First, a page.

Google Feels the Squeeze, Shuts Down Services

The company is scaling back on multiple fronts...and I'm feeling good about it.

By  |  Wednesday, January 14, 2009 at 11:56 pm

Google in a ViseGoogle is so fabulously successful, and invests its vast resources in new projects so energetically, that it was tempting to assume it could cheerfully ignore the state of the U.S. economy. Well, no. In a series of blog posts tonight, the company announced a series of cutbacks to services it operates. Taken individually, they’re not a huge whoop, but it’s startling to see them all come down at once.

Here’s the damage:

Dodgeball, a Twitter-like service that Google bought in 2005 before there was a Twitter, will fold;

Google Catalog Search, which put the contents of printed catalogs–hey, they still exist?–online, is going bye-bye;

Google Mashup Editor, which is still in private beta, won’t ever emerge from it--the more powerful Google App Engine will supplant it;

Google Notebook, a service which Google once promoted pretty heavily, will cease development, thereby continuing to exist for current users in a sort of suspended animation;

Google Video will stop accepting new uploads, thereby becoming a pure video search engine (which makes perfect sense given that Google owns YouTube, the mother of all video upload services);

Jaiku, yet another Twitter-like service acquired by Google, is being ported to Google’s App Engine platform, whereupon it will depend on volunteer developers for further evolution.

No word on how many Googlers are affected by this downscaling of ambition, but two Google Blog posts report that the company is laying off a hundred recruiters and eliminating engineering jobs in Texas, Norway, and Sweden (while hoping to retain the engineers in those positions).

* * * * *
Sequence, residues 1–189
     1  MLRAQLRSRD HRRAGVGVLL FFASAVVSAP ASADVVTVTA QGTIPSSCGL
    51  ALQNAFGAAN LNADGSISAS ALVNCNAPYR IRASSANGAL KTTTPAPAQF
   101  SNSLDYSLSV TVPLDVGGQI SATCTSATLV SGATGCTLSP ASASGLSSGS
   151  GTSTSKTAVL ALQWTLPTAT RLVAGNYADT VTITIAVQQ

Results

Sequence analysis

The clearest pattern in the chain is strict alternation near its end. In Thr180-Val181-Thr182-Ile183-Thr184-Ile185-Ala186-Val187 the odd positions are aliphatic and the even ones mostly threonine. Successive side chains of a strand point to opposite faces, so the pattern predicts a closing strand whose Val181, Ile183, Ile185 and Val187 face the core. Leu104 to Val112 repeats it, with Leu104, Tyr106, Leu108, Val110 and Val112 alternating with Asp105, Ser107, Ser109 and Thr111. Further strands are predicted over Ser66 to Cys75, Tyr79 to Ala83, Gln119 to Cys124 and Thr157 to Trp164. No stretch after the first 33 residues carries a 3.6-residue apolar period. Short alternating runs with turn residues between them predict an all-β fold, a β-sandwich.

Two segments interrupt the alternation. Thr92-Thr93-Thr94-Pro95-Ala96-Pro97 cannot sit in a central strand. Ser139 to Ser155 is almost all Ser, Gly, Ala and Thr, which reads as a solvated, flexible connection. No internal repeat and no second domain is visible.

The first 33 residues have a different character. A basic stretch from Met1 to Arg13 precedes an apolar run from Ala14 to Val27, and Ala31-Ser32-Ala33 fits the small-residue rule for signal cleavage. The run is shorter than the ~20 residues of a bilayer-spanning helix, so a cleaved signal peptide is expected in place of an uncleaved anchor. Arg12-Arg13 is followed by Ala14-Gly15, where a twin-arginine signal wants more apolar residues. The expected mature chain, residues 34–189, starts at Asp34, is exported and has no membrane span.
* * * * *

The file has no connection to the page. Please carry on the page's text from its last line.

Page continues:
Naturally, some folks are wondering if additional Google shoes are soon to drop–like, say, the discontinuation of its GrandCentral phone service. (I sure hope not–I’m using it and finding it valuable, and GrandCentral, back when it was signing up new users, did so on the premise that it was offering them a phone number “for life.”)

All this news is sad for anyone who liked the services in question, and sadder still for the Google employees who worked on them. But the cuts sound logical: They affect offerings that were redundant, irrelevant, and/or not very successful. And I don’t think I’m being entirely Pollyannish to think that it’s a smart, healthy move to Google to give up on some efforts that are unlikely to be hugely popular in order to focus on those that are already hits or have the potential to become ones.

I’d sure rather have a Google that does somewhat fewer things and does them as well as possible, anyhow…


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3 Comments For This Post

  1. Matt Williamson Says:

    This is likely a good thing for Google. Focusing more eyes on the core.

  2. Dragos Says:

    As someone who uses Notebook daily (along many others), I consider dropping it a very bad move from Google.
    I find your analysis quite simplistic: instead of the typical business-lingo stuff (“concentrating on core issues etc”), I think there are some worrying facts to be noted here, which could use some attention: as a service provider, Google has responsibilities. You can’t provide people with valuable services which they start using and basing workflows on and then pull the plug ’cause play time it’s over. What message does this send to people interested in using Google’s business offerings? And what message does this send to people interested in the new & trendy cloud stuff?
    I found myself suddenly a lot less interested in Google offerings and in all the “put your stuff on the web” trend.


  3. Relyt Says:

    For everyone who used notebook:

    Evernote is offering a google notebook import tool to put all of your notes in evernote. I use evernote – and its great!